The overarching goal of medical training is to nurture the growth of knowledgeable, caring, and insightful clinicians guided by the ideals of medical professionalism. Recent definitions of professional competence identify essential clinical skills, including cognitive expertise, emotional competence, and reflective capacity. This modern framework reflects the increasingly complex nature of the patient-clinician interaction, in which the clinician must exchange diagnostic information while supportively engaging the patient on a deeper, affective level. The affective dimension can be particularly potent when pain is the primary symptom, as it is for the majority of medical visits. Unfortunately, however, current models of professionalism, used as an early guide for medical trainees to develop an understanding of the clinical exchange, largely focus on interactions in the cognitive domain. To emphasize the importance of emotions in professional development, we propose the Cognitive and Emotional Preparedness Model, which describes the clinical encounter occurring on two channels, one cognitive and the other emotional, and stresses the importance of multidimensional development in preparing the clinician to (1) communicate clinical information, (2) provide emotional support, and (3) actively reflect on experiences for continued improvement. Together, acquisition of knowledge, emotional development, and reflective skill will improve the clinical interaction. Perspective: The proficiency of medical trainees in developing clinical skills profoundly shapes patient satisfaction and treatment outcomes. This article reviews the cognitive, emotional, and reflective development of medical trainees and presents a model illustrating how clinical development impacts pain care. For improved efficacy, pain education should be calibrated to students' developmental needs.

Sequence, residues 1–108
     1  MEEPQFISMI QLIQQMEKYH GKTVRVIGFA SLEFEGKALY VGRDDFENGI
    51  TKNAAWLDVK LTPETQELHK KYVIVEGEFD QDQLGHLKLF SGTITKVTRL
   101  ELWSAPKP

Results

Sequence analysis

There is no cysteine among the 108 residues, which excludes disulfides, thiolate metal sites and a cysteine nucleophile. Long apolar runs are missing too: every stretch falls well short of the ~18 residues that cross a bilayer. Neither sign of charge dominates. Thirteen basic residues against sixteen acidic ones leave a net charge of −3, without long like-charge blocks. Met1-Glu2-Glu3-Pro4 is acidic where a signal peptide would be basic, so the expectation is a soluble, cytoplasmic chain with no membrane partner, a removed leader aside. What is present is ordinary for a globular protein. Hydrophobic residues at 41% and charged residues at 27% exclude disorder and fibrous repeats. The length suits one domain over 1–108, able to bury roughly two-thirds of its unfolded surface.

- medical education
- patient-physician interaction
ASJC Scopus subject areas
- Clinical Neurology
- Anesthesiology and Pain Medicine